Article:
Notable buildings and squares in the inner city include:

  • The Stiftskirche (Collegiate Church), dates back to the 12th century, but was changed to the Late Gothic style in the 15th century and has been a Protestant church since 1534.
  • Altes Schloss (the Old Castle), mostly dating from the late 15th century, some parts date back to 1320
  • Alte Kanzlei (the Old Chancellery) on Schillerplatz square which backs onto the 1598 Mercury Pillar
  • Neues schloss (the New Castle), completed in 1807. The cellars with a collection of stone fragments from the Roman times are open to visitors.
  • Wilhelmpalais (the King Wilhelm Palais), 1840
  • Königsbau (the King’s Building), 1850. Has been housing the “Königsbau Passagen” shopping centre since 2006.
  • The Großes Haus of Stuttgart National Theatre, 1909–1912
  • Markthalle (Market Hall), 1910.
  • The Württembergische Landesbibliothek (state library), rebuilt in 1970.
  • Friedrichsbau Varieté (Friedrich Building), rebuilt in 1994 on the site of the former art nouveau building

Parks, lakes and other places

In the heart of Stuttgart, there is a series of gardens that are popular among families and cyclists. Locals refer to it as the Green U due to its shape on a map. The Green U begins with the old Schlossgarten, castle gardens that were first mentioned in records in 1350. The modern park extends to the river Neckar and is divided into the upper garden, which borders the Old Castle, the Main Station, the State Theater, and the State Parliament building, and the middle and lower gardens, totaling 61 hectares. The park also includes Stuttgart planetarium.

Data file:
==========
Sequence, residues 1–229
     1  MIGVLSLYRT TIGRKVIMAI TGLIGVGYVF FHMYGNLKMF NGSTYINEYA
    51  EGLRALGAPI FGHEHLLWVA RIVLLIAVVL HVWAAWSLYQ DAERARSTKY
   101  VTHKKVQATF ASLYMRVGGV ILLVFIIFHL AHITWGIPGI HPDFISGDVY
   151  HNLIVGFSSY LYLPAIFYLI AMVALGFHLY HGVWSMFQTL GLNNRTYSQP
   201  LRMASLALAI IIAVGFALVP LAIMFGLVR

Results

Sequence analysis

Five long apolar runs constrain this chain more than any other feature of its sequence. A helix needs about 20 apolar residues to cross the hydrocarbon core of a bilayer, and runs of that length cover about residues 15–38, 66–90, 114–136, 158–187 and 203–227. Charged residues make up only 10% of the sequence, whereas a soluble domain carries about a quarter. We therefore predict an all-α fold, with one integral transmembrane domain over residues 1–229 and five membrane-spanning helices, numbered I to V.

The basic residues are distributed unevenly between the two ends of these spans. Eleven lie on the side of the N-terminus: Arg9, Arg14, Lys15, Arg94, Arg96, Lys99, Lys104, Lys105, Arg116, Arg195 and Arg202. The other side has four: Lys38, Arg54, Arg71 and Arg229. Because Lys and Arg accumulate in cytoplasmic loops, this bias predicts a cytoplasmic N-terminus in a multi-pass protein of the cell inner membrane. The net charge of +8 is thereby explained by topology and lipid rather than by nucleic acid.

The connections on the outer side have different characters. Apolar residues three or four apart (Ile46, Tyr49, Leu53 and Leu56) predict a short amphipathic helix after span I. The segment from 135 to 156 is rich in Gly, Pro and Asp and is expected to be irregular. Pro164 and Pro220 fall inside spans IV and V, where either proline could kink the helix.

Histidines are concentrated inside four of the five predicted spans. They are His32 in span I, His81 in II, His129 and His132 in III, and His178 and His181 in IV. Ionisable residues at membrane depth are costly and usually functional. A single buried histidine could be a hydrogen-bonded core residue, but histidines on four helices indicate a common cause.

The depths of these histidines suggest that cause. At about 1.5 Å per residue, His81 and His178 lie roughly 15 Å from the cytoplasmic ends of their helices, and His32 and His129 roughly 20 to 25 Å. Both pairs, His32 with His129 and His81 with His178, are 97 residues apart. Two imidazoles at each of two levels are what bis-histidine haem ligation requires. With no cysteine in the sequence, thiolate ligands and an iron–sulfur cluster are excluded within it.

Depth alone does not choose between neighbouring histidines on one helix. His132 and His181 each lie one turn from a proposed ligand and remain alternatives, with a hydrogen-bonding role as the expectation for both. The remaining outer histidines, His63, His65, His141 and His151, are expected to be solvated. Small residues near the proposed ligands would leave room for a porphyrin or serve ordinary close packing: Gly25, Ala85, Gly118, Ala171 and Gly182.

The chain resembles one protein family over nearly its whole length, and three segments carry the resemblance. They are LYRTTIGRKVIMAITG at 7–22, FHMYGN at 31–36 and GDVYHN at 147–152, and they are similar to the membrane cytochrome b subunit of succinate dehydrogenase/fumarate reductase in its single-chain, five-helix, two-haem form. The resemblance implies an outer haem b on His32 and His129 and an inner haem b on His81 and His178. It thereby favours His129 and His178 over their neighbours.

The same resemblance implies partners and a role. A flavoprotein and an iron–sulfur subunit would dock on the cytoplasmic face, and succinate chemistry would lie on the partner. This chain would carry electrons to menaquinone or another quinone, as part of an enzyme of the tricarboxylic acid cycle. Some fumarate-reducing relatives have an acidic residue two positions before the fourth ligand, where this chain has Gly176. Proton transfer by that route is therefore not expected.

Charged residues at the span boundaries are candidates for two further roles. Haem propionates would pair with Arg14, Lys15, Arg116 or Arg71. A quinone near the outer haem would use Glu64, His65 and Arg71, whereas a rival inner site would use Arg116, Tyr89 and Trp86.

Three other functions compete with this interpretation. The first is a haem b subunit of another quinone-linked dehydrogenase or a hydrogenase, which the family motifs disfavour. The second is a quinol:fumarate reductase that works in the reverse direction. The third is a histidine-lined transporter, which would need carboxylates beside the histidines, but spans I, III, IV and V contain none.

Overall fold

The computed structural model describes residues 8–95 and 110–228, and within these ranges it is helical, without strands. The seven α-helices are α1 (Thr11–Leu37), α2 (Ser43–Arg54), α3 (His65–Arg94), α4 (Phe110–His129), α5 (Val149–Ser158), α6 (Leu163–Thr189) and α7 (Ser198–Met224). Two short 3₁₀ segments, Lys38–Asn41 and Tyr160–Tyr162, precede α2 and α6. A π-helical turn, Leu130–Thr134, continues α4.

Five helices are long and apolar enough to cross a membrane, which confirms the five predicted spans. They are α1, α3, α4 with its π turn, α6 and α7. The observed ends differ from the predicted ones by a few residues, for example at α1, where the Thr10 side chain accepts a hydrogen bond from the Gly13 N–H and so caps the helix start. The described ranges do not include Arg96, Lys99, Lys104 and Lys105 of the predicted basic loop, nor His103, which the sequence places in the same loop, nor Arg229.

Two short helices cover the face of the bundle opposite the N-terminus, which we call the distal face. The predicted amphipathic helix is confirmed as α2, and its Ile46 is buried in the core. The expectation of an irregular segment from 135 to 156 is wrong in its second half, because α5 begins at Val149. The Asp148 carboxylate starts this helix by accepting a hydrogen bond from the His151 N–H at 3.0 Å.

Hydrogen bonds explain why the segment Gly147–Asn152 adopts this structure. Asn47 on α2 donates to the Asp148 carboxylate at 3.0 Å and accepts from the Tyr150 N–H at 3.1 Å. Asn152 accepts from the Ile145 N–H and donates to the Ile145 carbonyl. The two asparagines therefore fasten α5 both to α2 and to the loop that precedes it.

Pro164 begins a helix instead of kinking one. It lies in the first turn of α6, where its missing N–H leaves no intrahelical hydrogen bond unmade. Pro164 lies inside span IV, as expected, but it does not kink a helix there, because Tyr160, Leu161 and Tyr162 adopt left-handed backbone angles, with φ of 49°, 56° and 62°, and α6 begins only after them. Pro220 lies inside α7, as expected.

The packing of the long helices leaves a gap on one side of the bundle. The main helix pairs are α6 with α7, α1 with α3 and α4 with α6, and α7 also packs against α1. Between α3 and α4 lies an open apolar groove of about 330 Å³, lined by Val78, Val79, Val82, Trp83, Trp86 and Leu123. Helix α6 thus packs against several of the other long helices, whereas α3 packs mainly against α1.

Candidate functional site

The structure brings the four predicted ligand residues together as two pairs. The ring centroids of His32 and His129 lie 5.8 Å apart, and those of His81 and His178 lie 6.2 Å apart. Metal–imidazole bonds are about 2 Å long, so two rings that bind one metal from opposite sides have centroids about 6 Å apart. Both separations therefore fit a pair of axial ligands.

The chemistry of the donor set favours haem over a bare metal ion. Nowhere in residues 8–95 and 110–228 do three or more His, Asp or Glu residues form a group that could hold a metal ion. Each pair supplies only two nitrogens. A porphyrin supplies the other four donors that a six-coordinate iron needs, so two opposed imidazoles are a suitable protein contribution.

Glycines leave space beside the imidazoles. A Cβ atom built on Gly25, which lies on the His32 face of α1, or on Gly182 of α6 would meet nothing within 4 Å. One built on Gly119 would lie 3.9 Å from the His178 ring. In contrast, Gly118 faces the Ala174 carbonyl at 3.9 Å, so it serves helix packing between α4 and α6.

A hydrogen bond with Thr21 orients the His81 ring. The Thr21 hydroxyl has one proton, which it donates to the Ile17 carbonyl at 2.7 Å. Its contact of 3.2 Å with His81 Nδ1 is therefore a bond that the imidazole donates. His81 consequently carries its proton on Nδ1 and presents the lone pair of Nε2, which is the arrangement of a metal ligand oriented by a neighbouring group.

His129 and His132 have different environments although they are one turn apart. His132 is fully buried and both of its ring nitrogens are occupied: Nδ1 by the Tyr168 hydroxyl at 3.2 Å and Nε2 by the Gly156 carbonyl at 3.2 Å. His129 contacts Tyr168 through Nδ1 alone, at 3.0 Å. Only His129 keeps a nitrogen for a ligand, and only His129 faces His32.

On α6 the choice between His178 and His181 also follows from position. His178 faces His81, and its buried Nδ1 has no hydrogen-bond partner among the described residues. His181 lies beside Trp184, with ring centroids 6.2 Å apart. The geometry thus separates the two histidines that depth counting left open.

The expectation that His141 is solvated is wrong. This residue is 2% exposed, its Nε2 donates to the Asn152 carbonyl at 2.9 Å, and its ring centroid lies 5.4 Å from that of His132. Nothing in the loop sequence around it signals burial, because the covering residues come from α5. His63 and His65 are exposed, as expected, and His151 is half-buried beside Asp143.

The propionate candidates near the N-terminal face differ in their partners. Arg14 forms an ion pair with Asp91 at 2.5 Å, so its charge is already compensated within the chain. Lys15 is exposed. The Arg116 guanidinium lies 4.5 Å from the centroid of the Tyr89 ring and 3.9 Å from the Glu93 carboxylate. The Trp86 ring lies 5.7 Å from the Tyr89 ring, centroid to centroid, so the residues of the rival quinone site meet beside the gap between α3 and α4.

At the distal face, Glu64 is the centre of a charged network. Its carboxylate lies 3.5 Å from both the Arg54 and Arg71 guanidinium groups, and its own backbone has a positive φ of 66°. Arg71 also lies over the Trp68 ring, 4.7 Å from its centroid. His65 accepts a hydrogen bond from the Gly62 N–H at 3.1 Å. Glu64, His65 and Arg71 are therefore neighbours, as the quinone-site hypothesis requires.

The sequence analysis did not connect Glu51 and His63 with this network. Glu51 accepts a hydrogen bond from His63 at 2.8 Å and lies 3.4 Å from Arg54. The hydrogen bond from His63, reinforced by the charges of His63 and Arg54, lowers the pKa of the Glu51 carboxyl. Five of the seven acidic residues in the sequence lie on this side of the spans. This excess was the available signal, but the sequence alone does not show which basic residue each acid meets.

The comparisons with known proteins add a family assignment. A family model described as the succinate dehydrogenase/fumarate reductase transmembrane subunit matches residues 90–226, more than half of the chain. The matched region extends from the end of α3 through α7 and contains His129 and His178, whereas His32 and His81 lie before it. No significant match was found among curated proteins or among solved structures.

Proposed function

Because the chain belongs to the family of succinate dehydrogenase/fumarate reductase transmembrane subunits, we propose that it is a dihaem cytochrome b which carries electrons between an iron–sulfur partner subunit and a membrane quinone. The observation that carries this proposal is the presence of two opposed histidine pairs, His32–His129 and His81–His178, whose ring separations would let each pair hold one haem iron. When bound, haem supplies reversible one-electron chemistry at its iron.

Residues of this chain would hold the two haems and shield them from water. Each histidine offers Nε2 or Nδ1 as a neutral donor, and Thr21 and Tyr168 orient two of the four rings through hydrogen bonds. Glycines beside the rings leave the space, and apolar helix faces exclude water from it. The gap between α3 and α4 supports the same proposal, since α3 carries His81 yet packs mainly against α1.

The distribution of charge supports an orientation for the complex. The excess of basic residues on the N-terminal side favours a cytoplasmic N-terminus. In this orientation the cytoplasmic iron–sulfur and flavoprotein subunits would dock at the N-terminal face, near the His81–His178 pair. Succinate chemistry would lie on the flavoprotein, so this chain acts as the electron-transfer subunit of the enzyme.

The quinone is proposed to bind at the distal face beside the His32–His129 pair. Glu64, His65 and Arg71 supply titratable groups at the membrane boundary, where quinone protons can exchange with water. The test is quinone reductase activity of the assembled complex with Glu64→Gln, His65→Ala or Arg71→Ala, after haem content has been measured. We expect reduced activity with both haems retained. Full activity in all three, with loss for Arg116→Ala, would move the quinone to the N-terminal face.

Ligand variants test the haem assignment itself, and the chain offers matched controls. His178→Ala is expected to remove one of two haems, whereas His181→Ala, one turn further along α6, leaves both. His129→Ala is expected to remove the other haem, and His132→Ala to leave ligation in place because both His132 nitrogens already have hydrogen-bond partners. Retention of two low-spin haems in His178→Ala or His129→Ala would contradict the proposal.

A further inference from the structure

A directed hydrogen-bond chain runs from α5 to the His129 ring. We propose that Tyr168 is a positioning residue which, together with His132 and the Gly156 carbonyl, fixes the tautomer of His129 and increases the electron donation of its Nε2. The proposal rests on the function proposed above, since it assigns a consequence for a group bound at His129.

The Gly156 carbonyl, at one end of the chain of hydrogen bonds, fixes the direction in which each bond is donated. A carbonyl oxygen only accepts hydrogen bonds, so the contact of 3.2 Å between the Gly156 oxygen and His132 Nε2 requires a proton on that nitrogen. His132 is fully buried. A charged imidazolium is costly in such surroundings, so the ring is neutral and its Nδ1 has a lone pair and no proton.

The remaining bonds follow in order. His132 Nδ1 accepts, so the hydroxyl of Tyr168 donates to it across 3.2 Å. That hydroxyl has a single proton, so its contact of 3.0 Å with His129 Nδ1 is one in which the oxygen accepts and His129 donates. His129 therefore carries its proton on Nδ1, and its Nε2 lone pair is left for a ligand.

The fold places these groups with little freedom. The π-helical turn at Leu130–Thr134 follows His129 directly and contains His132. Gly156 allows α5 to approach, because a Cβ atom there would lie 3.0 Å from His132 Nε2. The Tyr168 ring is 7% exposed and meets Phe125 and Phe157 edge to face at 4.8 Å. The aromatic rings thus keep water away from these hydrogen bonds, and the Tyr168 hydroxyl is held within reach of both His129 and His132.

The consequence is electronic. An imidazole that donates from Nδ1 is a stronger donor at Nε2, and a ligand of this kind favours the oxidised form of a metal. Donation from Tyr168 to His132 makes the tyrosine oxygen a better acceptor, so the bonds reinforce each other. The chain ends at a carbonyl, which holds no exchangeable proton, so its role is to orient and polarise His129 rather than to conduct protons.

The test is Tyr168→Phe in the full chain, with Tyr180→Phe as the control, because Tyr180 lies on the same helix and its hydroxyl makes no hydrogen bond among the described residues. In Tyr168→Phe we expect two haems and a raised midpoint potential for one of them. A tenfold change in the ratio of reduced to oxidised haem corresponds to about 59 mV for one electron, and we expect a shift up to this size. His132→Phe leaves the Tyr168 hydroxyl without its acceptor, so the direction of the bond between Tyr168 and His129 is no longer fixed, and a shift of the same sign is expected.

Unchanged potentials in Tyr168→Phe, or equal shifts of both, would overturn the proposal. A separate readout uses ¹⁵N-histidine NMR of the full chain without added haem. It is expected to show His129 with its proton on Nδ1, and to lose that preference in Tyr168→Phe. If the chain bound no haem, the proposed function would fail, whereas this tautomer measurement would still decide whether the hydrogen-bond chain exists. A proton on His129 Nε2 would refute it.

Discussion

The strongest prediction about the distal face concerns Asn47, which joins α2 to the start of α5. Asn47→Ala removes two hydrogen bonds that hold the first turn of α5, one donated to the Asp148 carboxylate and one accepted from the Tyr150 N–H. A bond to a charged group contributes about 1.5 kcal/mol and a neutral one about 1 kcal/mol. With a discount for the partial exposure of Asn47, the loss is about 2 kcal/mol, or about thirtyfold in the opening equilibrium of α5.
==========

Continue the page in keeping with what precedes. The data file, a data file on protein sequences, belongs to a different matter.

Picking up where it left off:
At the far end of Schlossgarten lies the second Green U park, the larger Rosensteinpark, which borders Stuttgart’s Wilhelma zoo and botanical gardens. Planted by King William I of Württemberg, the park contains many old trees and open areas, making it the largest English-style garden in southern Germany. The former Rosenstein castle, now the Rosenstein museum, stands within the park grounds.

Beyond bridges over an adjacent main road lies the final Green U park, Killesbergpark, also known as ‘Höhenpark’. The park has hosted numerous gardening shows since the 1950s, such as the Bundesgartenschau and the 1993 International Gardening Show. During the summer months, miniature trains run throughout the park for both children and adults. The viewing tower (Killesbergturm) provides exceptional views to the northeast of Stuttgart.

On the northern edge of the Rosensteinpark lies the renowned ‘Wilhelma‘, Germany’s only zoological and botanical garden. The entire compound, including its ornate pavilions, greenhouses, walls, and gardens, was built around 1850 as a summer palace in Moorish style for King Wilhelm I of Württemberg. Currently, it houses around 8,000 animals and some 5,000 plant species, and it contains the largest magnolia grove in Europe.

Other parks in Stuttgart include the historic Botanischer Garten der Universität Hohenheim and Landesarboretum Baden-Württemberg at Castle Hohenheim, which date back to 1776 and are still used to catalog plants.

More information

You can find more information on the official website of Stuttgart.